CDMO Education Centre

May 27, 2024

It was less than 20 years ago that the foundational study by Takahashi and Yamanaka (2006) re-wrote the biology textbooks. Based on some elegant experiments, the team determined that fully differentiated adult skin cells could be reprogrammed back into stem cells by the over-expression of just four simple genes (Oct3/4, Sox2, Klf4, c-Myc).Thus, induced pluripotent stem cells (iPSCs) were born.

iPSCs are created by reprogramming differentiated somatic cells, which allows them to exhibit properties similar to embryonic stem cells, including:

  • Proliferation
  • Self-renewal
  • Expression of pluripotency markers
  • Able to differentiate into cells from all three germ layers
  • Able to contribute to mouse embryonic development when injected into blastocysts

Why reprogram cells to iPSCs?

Reprogramming somatic cells to iPSCs has revolutionized the fields of biology and regenerative medicine. Some of the major areas for iPSC use include:

  1. Drug discovery/development: The physiological relevance of iPSCs makes them an ideal tool to test the effects of experimental drugs and to conduct target validation.
  2. Developmental biology: Cultured iPSCs from an individual can act as mechanistic tools to study normal cellular and disease progression. Rather than just modelling a disease in a standard cell, iPSCs can represent nuances in biology that come from different patients.
  3. Cell/tissue replacement: iPSCs represent a renewal resource of cells that can come from patients themselves. With the ability to be differentiated into any cell of interest, iPSCs have been instrumental in opening new avenues of research into replacement/therapy for cells damaged by trauma or compromised by disease. Numerous autologous (patient-specific) cell replacement therapies with iPSCs have been reported in many different clinical trials for indications like spinal cord injury, blindness, cardiovascular and neurodegenerative disease. Allogeneic iPSCs – where one type of iPSC may be used for many patients – are now being developed for future therapies.

Essentials of iPSC reprogramming  

Reprogramming different somatic cell types has now become more of a standardized practice. It is common to reprogram peripheral blood cells, due to their ease of collection, but reprogramming human fibroblasts (skin-derived cells) is also widely practiced. Reprogramming is achieved by delivery and subsequent cellular expression of reprogramming factors. These factors can be delivered by viruses, DNA or mRNA. The reprogramming process takes approximately three weeks and is followed by clonal selection, cell expansion, banking and characterization. The full process can take months, as careful characterization of iPSCs is critical in creating high-quality cells.

Characterization of clonal iPSC lines requires important quality control testing, such as:

  • Assessment of pluripotency status (e.g. by flow cytometry and qRT-PCR)
  • Assessment of differentiation potential (e.g. by directed differentiation followed by marker analysis)
  • Karyotype analysis
  • Cell line identity testing
  • Cell viability assessment
  • Transgene/vector clearance testing
  • Sterility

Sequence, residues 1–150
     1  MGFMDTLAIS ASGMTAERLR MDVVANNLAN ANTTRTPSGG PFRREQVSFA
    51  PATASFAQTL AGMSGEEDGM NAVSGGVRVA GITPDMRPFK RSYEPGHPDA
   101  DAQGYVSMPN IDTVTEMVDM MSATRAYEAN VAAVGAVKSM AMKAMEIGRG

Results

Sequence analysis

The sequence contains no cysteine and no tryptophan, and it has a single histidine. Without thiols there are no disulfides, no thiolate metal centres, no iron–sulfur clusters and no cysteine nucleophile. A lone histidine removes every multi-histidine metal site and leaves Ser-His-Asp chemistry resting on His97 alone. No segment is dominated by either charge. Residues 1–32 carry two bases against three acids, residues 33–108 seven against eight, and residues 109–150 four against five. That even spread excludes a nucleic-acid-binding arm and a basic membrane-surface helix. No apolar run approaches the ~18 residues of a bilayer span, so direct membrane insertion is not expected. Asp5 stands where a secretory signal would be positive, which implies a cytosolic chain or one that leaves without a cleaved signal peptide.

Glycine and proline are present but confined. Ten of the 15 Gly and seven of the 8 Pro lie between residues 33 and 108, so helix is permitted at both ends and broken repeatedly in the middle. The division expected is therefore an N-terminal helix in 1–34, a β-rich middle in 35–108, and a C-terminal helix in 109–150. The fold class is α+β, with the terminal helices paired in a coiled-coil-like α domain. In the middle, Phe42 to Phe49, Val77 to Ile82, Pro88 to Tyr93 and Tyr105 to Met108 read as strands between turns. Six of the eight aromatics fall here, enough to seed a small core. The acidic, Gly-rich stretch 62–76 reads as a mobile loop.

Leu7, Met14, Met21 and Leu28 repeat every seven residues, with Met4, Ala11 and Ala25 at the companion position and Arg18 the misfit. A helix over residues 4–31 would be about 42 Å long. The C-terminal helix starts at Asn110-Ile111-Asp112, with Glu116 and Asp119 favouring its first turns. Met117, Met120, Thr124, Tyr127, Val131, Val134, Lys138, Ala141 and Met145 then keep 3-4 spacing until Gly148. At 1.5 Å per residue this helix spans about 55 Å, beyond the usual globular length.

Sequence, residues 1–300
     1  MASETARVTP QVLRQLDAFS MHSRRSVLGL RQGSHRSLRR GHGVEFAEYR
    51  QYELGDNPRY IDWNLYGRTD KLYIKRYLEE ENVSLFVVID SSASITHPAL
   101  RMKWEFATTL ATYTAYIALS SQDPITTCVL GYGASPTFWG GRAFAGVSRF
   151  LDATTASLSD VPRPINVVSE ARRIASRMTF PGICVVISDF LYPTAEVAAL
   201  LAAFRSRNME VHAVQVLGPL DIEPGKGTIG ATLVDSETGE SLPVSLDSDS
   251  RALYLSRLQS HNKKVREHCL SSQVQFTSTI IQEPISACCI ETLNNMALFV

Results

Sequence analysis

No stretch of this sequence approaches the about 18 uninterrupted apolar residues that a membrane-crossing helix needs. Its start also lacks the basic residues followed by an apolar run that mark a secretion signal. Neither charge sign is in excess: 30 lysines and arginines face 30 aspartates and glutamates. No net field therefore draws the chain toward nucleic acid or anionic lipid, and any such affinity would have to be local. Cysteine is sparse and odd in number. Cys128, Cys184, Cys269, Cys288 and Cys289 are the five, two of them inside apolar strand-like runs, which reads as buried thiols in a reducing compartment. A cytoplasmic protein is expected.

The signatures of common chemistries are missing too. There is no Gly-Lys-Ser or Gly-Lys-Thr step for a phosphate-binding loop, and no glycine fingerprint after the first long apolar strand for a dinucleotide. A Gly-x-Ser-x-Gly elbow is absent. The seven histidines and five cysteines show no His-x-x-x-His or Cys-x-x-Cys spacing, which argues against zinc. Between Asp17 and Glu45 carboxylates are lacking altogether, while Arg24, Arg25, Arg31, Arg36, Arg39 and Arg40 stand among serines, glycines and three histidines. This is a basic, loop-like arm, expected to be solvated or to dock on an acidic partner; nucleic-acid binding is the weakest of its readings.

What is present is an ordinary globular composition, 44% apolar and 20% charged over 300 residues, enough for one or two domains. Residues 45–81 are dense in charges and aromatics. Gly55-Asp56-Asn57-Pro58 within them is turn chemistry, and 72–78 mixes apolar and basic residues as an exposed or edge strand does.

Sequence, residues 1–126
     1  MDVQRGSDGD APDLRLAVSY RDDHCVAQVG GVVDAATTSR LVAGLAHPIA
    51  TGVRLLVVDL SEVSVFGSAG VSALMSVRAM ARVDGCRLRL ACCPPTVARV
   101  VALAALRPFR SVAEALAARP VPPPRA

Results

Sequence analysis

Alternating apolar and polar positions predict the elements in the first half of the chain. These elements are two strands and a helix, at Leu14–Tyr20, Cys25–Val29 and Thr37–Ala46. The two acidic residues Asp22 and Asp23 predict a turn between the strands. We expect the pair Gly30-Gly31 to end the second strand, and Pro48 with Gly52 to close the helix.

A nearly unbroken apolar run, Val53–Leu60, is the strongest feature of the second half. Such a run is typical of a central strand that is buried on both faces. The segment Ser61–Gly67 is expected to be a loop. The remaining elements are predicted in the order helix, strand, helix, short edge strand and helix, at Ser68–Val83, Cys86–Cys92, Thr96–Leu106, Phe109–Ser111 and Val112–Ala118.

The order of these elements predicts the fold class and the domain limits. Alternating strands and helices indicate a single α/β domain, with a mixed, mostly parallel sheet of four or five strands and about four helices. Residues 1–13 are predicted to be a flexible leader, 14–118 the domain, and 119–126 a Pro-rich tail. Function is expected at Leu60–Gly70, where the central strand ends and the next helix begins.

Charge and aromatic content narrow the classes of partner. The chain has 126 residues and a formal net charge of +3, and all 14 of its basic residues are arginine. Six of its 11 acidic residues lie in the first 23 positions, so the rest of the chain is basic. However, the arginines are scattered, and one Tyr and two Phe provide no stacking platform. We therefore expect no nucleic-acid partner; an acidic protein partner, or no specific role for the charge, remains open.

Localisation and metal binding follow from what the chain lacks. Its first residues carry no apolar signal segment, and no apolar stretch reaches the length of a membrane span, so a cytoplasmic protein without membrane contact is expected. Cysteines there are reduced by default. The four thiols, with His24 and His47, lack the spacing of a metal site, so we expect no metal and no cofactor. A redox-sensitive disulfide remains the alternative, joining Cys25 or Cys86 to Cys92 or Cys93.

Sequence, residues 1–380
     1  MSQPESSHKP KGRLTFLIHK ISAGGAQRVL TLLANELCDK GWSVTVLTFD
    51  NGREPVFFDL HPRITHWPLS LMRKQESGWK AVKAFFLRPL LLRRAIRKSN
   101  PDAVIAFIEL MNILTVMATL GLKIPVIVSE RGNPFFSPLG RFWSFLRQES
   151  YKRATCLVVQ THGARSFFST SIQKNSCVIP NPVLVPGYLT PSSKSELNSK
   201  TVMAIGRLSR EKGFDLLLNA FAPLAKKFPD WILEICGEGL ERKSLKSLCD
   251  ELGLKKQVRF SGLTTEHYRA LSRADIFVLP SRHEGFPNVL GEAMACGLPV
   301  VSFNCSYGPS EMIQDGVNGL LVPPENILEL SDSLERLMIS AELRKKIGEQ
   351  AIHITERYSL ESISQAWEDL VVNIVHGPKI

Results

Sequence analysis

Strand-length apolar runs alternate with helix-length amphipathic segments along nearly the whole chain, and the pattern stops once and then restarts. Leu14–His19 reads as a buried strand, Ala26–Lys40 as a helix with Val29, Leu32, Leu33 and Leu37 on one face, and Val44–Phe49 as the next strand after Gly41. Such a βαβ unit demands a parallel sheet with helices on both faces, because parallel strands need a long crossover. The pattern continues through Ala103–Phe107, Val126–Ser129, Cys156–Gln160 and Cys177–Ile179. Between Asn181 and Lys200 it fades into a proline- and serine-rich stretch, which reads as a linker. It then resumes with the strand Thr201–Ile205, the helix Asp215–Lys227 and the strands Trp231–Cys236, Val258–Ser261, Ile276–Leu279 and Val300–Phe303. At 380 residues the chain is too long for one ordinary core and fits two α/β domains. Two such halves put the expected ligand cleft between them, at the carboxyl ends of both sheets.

Creating GMP-ready iPSCs 

Reprogramming iPSCs remains an open and manual process, carried out using conventional basic research techniques. To advance cell and gene therapies and move products derived from iPSCs into the clinic, the ability to generate and maintain cells for therapeutics in a Good Manufacturing Practices (GMP) setting is paramount.

How is this achieved?

A critical aspect of manufacturing GMP-grade iPS cell lines is the identification of GMP-grade reagents that will not compromise reprogramming efficiency. All raw materials and reagents required for reprogramming (e.g. cell culture media, reprogramming factors, passaging reagents, or cell adherence reagents) need to be tested to confirm their suitability and quality. The use of these reagents must be optimized for successful cell conversion and growth. Early integration of GMP-grade reagents in the development of iPSC lines will mitigate potential regulatory or chemistry, manufacturing and controls (CMC)-quality and robustness bottlenecks in later stages of development. 

Other important considerations for GMP reprogramming, which are often overlooked in early research environments, include, 1) ensuring donor samples have been sourced with the appropriate consent; 2) ensuring donor samples have been appropriately tested so they can be considered GMP-compliant and appropriate commercial supply-chain sources; and 3) determining which commercial or therapeutic licenses are needed based on the techniques chosen for reprogramming.

While there is significant excitement about the potential of iPSC reprogramming to develop life-saving medicines, this technique requires specialized expertise in both research and operating GMP environments. Reprogramming of cells into iPSCs and subsequent differentiation into various types of functional cells can be challenging. From a scale-up and manufacturing perspective, groups need the right support to achieve their goals in a time-efficient and cost-effective manner.

Does your company require support with iPSC reprogramming? OmniaBio has industry-leading expertise supporting numerous therapeutic developers across the entire product lifecycle through scale-up to the GMP setting. Ask us how we can help your company here.

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